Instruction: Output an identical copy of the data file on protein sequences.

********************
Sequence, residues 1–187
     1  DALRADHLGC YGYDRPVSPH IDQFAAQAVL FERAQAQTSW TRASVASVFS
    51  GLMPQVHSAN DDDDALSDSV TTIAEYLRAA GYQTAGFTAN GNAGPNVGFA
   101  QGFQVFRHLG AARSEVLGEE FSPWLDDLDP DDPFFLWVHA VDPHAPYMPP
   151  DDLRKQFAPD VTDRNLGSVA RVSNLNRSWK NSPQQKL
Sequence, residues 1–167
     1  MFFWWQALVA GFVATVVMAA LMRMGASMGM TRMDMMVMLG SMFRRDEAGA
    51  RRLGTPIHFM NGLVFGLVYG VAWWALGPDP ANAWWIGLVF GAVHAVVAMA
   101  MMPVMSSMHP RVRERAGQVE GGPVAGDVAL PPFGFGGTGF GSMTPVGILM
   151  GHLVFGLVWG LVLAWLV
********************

Sequence, residues 1–187
     1  DALRADHLGC YGYDRPVSPH IDQFAAQAVL FERAQAQTSW TRASVASVFS
    51  GLMPQVHSAN DDDDALSDSV TTIAEYLRAA GYQTAGFTAN GNAGPNVGFA
   101  QGFQVFRHLG AARSEVLGEE FSPWLDDLDP DDPFFLWVHA VDPHAPYMPP
   151  DDLRKQFAPD VTDRNLGSVA RVSNLNRSWK NSPQQKL
Sequence, residues 1–167
     1  MFFWWQALVA GFVATVVMAA LMRMGASMGM TRMDMMVMLG SMFRRDEAGA
    51  RRLGTPIHFM NGLVFGLVYG VAWWALGPDP ANAWWIGLVF GAVHAVVAMA
   101  MMPVMSSMHP RVRERAGQVE GGPVAGDVAL PPFGFGGTGF GSMTPVGILM
   151  GHLVFGLVWG LVLAWLV